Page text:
Excerpted with permission from the 3rd Chapter of “Uncommon Greatness: Five Fundamentals to Transform Your Leadership” by Mark Miller

Note from Bob:  My friend, Mark Miller, has done it again!  Mark has written another “Must Read” book for every leader who is committed to continuously to increase their Leadership Effectiveness!  And if I might be so bold, if a leader is not committed to increasing their Leadership Effectiveness they shouldn’t be leading!  As you will see below, today’s post will be the first of 3 Parts!  

If vision is the fire motivating a leader and an organization to move into an unknown future with confidence, the wood for the fire is found in this third Fundamental: Reinvent Continuously. For the best leaders, Reinvent Continuously is a practice, a mindset, and a personal discipline.

Following are three strategies for you to consider to help you increase your proficiency on this fun and high-impact Fundamental:

  1. Think Different – Posted Below: 
  2. Cultivate Creativity  – Click HERE to read
  3. Lead Change – Click HERE to read


What’s your favorite ad campaign? You may have to think about that for a minute. For me, the answer is the Think Different campaign launched by Apple in 1997. Here are a few lines from the iconic television ad:

Here’s to the crazy ones. The misfits. The rebels. The troublemakers. The round pegs in square holes. The ones who see things differently . . . While some see them as the crazy ones, we see genius. Because the people who are crazy enough to think they can change the world are the ones who do.

How do you think differently, particularly if this is not your natural bent or bias? I have some ideas for your consideration.

Invest the Time

Where do ideas come from? For me, this question is impossible to answer. Their source is not the product of a replicable process. The great ideas can come in a eureka moment or as the result of years of inquiry, experimentation, and setbacks. However, there are inputs that can facilitate breakthrough ideas. Of all the elements I am aware of, the most precious and most often overlooked is time. I just admitted that sometimes a great idea is revealed in a moment of inspiration. However, this is both rare and often misinterpreted. In many of the flashes of inspiration, the problem had been simmering for weeks, months, or even years. Here’s the truth about mining for great ideas—it typically takes time.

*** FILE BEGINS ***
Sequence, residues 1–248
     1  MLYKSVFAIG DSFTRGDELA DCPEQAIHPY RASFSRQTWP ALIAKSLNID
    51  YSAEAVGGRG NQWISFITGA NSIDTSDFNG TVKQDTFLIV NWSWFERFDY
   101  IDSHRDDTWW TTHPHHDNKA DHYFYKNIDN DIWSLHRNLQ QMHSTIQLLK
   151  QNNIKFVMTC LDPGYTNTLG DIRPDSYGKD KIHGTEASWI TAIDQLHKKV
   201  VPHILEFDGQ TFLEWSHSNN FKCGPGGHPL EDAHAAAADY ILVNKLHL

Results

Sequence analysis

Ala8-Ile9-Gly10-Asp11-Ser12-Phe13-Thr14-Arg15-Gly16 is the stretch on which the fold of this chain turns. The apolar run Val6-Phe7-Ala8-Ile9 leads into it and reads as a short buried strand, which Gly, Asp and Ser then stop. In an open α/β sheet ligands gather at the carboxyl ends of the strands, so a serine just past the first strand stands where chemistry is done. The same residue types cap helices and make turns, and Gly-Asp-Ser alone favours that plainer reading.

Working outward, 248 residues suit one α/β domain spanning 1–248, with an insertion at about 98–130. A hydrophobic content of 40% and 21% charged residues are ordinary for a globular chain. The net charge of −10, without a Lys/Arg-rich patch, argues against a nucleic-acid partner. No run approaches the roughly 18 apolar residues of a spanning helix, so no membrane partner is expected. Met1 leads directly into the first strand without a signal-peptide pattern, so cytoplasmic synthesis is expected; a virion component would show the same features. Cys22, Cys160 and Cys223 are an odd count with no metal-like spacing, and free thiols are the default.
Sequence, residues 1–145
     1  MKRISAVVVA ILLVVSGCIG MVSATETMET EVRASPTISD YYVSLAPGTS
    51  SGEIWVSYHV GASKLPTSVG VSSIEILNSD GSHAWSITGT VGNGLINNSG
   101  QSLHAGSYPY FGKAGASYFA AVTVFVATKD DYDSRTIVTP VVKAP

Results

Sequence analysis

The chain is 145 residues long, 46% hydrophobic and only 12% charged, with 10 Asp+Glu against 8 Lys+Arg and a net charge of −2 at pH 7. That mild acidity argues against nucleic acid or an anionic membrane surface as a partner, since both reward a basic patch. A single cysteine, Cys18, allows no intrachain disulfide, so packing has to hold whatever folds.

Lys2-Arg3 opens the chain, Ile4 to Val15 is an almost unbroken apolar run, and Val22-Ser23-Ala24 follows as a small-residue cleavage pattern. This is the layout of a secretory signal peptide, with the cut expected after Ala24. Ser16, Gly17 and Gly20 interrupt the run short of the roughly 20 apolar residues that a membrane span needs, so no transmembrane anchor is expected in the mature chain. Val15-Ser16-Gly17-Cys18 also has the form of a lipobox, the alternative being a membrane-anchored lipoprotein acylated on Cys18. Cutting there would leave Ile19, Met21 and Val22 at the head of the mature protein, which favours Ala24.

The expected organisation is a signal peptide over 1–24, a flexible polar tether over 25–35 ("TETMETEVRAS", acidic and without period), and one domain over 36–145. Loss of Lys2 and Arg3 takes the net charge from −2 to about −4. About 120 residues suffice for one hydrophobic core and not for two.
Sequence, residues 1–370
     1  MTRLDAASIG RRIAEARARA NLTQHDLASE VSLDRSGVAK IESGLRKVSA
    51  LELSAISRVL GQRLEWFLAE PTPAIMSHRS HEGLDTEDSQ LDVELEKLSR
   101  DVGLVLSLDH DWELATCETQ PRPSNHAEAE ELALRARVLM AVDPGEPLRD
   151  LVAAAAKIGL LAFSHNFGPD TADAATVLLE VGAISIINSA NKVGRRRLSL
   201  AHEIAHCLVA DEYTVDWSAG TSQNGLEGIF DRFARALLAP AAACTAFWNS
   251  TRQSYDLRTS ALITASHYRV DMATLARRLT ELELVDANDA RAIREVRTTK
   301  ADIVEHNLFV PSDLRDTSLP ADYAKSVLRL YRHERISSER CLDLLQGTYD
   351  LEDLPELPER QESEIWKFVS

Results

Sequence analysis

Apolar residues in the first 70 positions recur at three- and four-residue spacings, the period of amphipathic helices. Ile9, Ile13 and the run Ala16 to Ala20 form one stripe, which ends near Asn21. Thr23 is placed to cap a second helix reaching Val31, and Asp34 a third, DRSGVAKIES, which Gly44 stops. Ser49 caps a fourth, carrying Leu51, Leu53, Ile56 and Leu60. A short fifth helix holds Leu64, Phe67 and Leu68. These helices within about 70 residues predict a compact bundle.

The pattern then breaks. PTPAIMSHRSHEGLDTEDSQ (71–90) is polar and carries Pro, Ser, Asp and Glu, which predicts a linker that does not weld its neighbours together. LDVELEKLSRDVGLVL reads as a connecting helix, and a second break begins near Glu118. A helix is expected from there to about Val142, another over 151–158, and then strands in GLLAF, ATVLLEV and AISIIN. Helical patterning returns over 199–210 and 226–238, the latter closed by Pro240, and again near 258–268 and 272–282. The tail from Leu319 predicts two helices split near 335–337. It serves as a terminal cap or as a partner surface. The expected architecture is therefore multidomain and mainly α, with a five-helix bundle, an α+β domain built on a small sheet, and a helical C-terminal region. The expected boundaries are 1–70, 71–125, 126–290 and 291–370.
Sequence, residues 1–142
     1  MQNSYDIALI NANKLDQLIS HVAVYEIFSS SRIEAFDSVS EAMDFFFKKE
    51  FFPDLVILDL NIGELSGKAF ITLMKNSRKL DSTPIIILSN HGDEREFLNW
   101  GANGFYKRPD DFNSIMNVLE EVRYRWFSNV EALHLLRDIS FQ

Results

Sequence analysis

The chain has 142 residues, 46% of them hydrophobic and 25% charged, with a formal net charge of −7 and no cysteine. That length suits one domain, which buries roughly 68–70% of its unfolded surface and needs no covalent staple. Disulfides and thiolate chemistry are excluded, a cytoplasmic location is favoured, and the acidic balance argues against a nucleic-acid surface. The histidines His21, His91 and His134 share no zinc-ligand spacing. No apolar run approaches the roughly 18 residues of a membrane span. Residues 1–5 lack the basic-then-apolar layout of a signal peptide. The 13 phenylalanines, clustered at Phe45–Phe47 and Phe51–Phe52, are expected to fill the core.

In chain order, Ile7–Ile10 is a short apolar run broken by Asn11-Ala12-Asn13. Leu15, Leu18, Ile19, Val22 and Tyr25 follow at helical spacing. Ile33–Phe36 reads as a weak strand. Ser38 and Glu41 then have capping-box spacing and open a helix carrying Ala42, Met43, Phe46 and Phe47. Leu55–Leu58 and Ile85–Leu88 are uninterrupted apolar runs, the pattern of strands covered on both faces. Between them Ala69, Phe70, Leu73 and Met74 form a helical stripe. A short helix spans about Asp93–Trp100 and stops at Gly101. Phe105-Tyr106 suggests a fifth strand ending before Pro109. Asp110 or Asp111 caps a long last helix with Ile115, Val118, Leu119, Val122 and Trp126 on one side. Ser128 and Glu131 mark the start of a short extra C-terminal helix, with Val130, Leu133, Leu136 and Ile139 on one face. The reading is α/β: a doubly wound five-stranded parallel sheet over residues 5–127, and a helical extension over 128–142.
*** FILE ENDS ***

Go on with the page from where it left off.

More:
One egregious infraction I have seen repeated over and over throughout my career is the failure to invest adequate time when brainstorming.

In his book What a Great Idea, Chic Thompson cites research that reveals two levels of brainstorming. In Level One, the participants basically capture what is already known or has been tried previously. Depending on who is in the room, this phase typically requires forty-five minutes to complete. Only then can you move into Level Two. This is the domain of the new, novel, and unexpected.

How many times in your life have you participated in a “failed” brainstorming session that was less than forty-five minutes?

If you are not willing to invest the time, you’ll never find the gold. If you choose to use a technique like brainstorming with your team, increase the amount of time you are willing to invest; I suggest a minimum of ninety minutes. There’s much more to say about this subject. If you want my Ten Tips for Brilliant Brainstorming, go to

Consider the Opposite

Several years ago, I was trying to help a nonprofit organization increase participation in their events. The team was bright, engaged, and eager to improve. At least they were fully engaged until I told them what we were going to do. Here’s a condensed version of the conversation as I set up the day.

“Today, I know you want to think creatively about how to increase attendance at your events. I agree that would be a wonderful outcome. However, I want to ask a different question: What would you need to do to depress attendance?” They looked at me as if I had lost my mind. Remember, I was a guest facilitator. I’m assuming several members of the team thought to themselves, Who invited this wacko?